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This is where we come to delve into the biblical text. Theology is not our foremost thought, but we realize it is something that will be dealt with in nearly every conversation. Feel free to use the original languages to make your point (meaning Greek, Hebrew, and Aramaic). This is an exegetical discussion area, so please limit topics to purely biblical ones.

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Isaiah 30:20

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  • John Reece
    replied
    Originally posted by Littlejoe View Post
    And in context, having God "whisper" (and what is whispered isn't recorded) then Elijah goes outside the cave and the same conversation happens...silence makes more sense I think...after the theophany's of God, there is a silence and Elijah being curious steps out to "see where God went"

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  • Littlejoe
    replied
    And in context, having God "whisper" (and what is whispered isn't recorded) then Elijah goes outside the cave and the same conversation happens...silence makes more sense I think...after the theophany's of God, there is a silence and Elijah being curious steps out to "see where God went"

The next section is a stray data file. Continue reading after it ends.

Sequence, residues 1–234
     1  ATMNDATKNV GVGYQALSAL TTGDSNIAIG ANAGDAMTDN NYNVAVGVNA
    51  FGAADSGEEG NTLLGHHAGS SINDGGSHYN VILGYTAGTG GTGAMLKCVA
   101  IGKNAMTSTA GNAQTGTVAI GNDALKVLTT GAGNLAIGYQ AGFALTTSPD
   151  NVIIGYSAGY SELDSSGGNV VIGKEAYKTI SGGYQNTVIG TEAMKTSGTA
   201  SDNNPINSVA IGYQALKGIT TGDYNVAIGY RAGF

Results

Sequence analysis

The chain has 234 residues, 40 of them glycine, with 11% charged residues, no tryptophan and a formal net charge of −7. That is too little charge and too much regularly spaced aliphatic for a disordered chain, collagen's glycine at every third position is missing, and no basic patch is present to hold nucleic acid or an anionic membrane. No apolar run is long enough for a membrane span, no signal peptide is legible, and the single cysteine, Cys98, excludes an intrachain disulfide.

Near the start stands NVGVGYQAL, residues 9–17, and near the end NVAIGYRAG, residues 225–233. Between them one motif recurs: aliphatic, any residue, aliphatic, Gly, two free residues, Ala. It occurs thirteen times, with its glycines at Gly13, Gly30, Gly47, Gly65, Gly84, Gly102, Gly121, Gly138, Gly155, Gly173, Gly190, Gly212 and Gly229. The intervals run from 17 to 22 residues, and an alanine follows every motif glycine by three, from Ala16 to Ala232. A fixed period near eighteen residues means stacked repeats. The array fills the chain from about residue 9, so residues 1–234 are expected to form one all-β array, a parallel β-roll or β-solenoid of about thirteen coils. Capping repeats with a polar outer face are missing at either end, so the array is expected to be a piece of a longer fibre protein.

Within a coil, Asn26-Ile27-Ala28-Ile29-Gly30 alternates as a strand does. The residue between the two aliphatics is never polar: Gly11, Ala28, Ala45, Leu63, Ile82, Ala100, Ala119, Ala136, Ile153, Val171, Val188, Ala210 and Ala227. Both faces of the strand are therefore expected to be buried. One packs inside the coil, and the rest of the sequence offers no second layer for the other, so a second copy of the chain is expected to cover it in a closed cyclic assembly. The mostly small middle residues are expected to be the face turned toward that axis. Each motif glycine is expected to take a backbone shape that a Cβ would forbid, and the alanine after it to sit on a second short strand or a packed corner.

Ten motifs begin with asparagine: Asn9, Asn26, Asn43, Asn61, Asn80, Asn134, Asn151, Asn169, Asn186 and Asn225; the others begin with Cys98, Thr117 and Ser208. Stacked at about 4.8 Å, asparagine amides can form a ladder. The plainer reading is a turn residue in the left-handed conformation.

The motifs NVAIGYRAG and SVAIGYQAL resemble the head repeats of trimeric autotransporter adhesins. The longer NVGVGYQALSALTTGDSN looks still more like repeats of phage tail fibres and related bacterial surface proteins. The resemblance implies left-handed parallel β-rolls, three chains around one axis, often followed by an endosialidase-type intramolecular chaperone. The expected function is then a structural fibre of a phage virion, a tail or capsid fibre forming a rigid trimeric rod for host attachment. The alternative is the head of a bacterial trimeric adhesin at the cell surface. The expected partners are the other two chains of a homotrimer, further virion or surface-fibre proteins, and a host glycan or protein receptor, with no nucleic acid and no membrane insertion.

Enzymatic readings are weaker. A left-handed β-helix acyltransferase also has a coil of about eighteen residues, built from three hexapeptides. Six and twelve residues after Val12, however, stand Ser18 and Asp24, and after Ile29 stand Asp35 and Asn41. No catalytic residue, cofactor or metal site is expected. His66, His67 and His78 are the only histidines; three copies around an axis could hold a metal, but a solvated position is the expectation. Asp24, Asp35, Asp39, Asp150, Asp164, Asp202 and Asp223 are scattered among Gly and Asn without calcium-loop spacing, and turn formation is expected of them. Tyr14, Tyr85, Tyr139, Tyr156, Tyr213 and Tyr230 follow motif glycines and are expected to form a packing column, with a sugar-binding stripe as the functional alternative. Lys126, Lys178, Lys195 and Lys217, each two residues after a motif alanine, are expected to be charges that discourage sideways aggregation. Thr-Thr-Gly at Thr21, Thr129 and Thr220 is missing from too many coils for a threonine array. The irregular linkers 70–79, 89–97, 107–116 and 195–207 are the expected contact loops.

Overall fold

Leave a comment:


  • John Reece
    replied
    Originally posted by John Reece View Post
    The clause in question at the end of 1 Kings 19:12 is קוֹל דְּמָמָה דַקָּה (ql dᵉmāmāh ḏaqqā) : construct קוֹל (ql) a voice of + דְּמָמָה (ḏᵉmāmāh) : "calm, cessation of strong movement of air" (HALOT) ― (according to BDB the word also means "silence" and is related to another noun and also a verb that bear the sense of "silent", "still") + adjective דַּק (ḏaq) : small, soft (HALOT).
    Just one other thing that I fail to note: that is that קוֹל (ql) can mean sound rather than voice; in fact the former is more primary than the latter.

    That fills out the rationale for the NRSV rendering a sound of sheer silence.

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  • Littlejoe
    replied
    Thank you very much John!

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  • John Reece
    replied
    Originally posted by Littlejoe View Post
    Along that same vein...The concept of hearing God in "a still small voice" comes from the passage in 1 Kings 19:12 (KJV). The NIV renders that phrase as "gentle whisper", ESV as "low whisper", NASB as "a gentle blowing, NSRV seems to be the lone outlier says "sound of sheer silence"

    1 Kings 19:12New Revised Standard Version (NRSV)12 and after the earthquake a fire, but the Lord was not in the fire; and after the fire a sound of sheer silence.